Among the possible replacements for Nielsen in the long term is Ken Cuccinelli, the former Virginia attorney general who is a favourite among conservative activists and who fits the profile Trump wants the next homeland secretary to have, people familiar with the discussions said.
Nielsen had been pressured by Trump to be more aggressive in stemming the influx of migrant crossings at the border, people familiar with their discussions in recent months said.
Her entire time in the job was spent batting back suspicion from the president, even as he told people he liked how she performed on television and enjoyed dealing with her personally. He initially was sceptical because of Neilsen’s previous service in the George W. Bush administration, and then because she was close to John F. Kelly, the president’s former chief of staff.
The president called Nielsen at home early in the mornings to demand that she take action to stop migrants from entering the country, including doing things that were clearly illegal, like blocking all migrants from seeking asylum. She repeatedly noted the limitations imposed on her department by federal laws, court settlements and international obligations.
Those responses only infuriated Trump further. The president’s fury erupted in spring 2018 as Nielsen hesitated for weeks about whether to sign a memo ordering the routine separation of migrant children from their families so the parents could be detained.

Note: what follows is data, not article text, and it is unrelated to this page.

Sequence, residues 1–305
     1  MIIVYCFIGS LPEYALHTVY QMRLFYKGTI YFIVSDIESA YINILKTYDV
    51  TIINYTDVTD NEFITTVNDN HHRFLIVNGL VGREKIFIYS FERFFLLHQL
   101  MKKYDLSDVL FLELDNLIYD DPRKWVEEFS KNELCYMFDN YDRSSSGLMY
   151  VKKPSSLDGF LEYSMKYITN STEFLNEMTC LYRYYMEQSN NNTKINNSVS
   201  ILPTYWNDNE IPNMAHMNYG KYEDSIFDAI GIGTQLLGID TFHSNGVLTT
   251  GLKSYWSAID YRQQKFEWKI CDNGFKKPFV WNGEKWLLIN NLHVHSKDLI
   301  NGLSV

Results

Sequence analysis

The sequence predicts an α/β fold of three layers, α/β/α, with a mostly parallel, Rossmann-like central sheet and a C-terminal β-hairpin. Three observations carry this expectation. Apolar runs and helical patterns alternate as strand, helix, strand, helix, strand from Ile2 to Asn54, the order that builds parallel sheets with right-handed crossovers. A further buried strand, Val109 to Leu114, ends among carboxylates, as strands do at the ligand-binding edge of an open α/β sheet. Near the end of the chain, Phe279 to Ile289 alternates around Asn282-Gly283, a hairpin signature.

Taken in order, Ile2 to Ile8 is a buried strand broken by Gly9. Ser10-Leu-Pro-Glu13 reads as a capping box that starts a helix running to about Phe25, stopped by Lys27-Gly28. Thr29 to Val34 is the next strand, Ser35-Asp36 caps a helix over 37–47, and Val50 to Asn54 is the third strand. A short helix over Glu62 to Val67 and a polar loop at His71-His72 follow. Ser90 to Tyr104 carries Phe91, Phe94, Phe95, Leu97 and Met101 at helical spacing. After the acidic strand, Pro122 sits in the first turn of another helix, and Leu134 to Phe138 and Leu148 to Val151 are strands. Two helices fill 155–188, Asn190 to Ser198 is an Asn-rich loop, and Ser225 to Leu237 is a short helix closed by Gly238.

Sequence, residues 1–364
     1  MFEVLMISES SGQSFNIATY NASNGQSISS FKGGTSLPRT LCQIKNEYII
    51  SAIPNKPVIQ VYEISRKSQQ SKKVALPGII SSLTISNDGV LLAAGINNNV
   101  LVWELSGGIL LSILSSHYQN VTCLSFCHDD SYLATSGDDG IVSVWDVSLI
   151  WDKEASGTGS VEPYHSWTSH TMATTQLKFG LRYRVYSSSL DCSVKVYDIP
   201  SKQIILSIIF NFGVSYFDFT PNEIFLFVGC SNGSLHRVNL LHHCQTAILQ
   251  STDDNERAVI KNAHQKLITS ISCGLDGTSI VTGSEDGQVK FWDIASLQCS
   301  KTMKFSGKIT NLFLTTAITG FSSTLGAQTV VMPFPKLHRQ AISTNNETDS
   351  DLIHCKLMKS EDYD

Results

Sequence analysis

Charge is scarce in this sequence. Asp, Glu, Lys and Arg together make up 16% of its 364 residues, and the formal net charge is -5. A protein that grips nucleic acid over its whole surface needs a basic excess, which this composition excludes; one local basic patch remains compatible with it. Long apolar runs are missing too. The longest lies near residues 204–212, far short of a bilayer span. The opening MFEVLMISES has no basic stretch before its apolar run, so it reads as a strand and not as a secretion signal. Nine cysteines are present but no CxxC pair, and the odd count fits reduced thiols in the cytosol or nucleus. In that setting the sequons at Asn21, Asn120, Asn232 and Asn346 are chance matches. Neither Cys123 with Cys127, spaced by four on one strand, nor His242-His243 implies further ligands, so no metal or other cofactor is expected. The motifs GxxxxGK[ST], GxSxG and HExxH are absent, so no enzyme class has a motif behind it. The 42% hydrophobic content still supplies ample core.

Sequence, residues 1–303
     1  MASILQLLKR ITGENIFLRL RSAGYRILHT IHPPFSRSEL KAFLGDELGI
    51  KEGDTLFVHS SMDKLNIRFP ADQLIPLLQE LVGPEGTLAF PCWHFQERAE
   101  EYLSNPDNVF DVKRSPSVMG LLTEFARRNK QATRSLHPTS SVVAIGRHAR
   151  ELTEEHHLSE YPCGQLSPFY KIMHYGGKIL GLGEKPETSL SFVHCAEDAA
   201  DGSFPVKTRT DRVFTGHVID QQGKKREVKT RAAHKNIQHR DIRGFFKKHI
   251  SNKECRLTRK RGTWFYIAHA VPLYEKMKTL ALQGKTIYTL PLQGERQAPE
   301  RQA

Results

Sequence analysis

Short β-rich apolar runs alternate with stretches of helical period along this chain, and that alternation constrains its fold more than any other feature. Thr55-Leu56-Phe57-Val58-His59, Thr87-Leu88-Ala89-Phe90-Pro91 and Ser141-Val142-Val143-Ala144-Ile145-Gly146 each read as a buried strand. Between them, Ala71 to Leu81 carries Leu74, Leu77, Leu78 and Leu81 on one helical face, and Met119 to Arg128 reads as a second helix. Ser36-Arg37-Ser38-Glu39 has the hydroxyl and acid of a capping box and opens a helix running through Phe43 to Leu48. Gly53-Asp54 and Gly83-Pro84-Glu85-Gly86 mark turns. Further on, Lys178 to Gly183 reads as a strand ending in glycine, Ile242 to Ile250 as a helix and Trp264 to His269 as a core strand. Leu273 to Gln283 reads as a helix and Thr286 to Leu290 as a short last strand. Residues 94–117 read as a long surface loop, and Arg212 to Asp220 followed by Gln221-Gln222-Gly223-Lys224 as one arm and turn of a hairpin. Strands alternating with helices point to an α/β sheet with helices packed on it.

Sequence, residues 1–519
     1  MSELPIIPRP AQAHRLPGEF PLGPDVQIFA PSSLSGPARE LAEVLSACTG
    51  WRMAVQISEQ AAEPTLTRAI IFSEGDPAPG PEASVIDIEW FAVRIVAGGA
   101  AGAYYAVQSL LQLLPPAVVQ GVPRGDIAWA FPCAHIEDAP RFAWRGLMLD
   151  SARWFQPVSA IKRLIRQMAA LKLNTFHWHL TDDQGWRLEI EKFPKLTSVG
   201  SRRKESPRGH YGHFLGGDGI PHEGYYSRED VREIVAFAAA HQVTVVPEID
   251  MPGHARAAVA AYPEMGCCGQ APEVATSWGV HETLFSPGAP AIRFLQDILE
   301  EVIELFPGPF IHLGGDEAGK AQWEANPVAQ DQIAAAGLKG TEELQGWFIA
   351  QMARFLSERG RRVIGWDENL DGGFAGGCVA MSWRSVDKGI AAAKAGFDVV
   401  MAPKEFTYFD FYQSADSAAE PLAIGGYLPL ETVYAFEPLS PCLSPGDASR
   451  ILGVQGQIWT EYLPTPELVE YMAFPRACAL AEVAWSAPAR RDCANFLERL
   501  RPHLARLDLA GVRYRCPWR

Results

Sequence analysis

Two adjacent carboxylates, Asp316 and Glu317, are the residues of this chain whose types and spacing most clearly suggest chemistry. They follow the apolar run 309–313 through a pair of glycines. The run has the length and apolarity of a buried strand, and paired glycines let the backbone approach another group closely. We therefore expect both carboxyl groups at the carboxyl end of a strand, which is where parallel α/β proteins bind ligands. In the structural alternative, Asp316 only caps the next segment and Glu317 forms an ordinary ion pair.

In a Cabinet meeting surrounded by her peers, Trump castigated her repeatedly, leading her to draft a resignation letter and to tell colleagues that there was no reason for her to lead the department any longer. By the end of the week, she had reconsidered and remained in her position, becoming an increasingly fierce supporter of his policies, including the family separations.
While Trump often blamed Nielsen for the surge in migrant crossings, she will be remembered for leading the department during the Trump administration’s “zero tolerance policy” at the southwestern border, which initially resulted in the separation of thousands of migrant children from their families.
An intense backlash ensued, and the Department of Homeland Security was unprepared to deal with separating nearly 3,000 children from their parents.
“Hampered by misstep after misstep, Kirstjen Nielsen’s tenure at the Department of Homeland Security was a disaster from the start,” said Rep. Bennie Thompson, D-Miss., chairman of the House’s committee on Homeland Security. “It is clearer now than ever that the Trump administration’s border security and immigration policies — that she enacted and helped craft — have been an abysmal failure and have helped create the humanitarian crisis at the border.”
Trump eventually moved to halt the family separations, though the government struggled in some cases to reunite those it had already separated.
The Department of Homeland Security, which has a budget of more than $40 billion and more than 240,000 employees, is an amalgam of 22 government agencies that was created after the Sept. 11, 2001, terrorist attacks. It is responsible for everything from protecting the nation from cyberattacks to responding to natural disasters.